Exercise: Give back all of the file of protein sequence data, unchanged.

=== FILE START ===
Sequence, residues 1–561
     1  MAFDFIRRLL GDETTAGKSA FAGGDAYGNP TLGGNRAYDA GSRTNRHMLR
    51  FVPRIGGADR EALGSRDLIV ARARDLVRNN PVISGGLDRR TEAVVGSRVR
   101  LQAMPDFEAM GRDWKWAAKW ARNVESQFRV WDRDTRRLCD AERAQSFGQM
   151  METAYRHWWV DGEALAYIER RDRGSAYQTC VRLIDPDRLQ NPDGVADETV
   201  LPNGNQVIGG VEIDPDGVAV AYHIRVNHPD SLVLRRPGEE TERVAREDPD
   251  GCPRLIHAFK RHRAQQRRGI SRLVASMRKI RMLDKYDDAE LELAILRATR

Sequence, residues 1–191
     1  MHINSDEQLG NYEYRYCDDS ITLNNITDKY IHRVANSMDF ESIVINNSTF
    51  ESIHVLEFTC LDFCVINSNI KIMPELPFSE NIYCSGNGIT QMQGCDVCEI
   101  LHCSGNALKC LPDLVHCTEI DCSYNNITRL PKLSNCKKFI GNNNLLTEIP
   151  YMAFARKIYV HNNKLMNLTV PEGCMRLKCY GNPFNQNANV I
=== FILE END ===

Sequence, residues 1–561
     1  MAFDFIRRLL GDETTAGKSA FAGGDAYGNP TLGGNRAYDA GSRTNRHMLR
    51  FVPRIGGADR EALGSRDLIV ARARDLVRNN PVISGGLDRR TEAVVGSRVR
   101  LQAMPDFEAM GRDWKWAAKW ARNVESQFRV WDRDTRRLCD AERAQSFGQM
   151  METAYRHWWV DGEALAYIER RDRGSAYQTC VRLIDPDRLQ NPDGVADETV
   201  LPNGNQVIGG VEIDPDGVAV AYHIRVNHPD SLVLRRPGEE TERVAREDPD
   251  GCPRLIHAFK RHRAQQRRGI SRLVASMRKI RMLDKYDDAE LELAILRATR

Sequence, residues 1–191
     1  MHINSDEQLG NYEYRYCDDS ITLNNITDKY IHRVANSMDF ESIVINNSTF
    51  ESIHVLEFTC LDFCVINSNI KIMPELPFSE NIYCSGNGIT QMQGCDVCEI
   101  LHCSGNALKC LPDLVHCTEI DCSYNNITRL PKLSNCKKFI GNNNLLTEIP
   151  YMAFARKIYV HNNKLMNLTV PEGCMRLKCY GNPFNQNANV I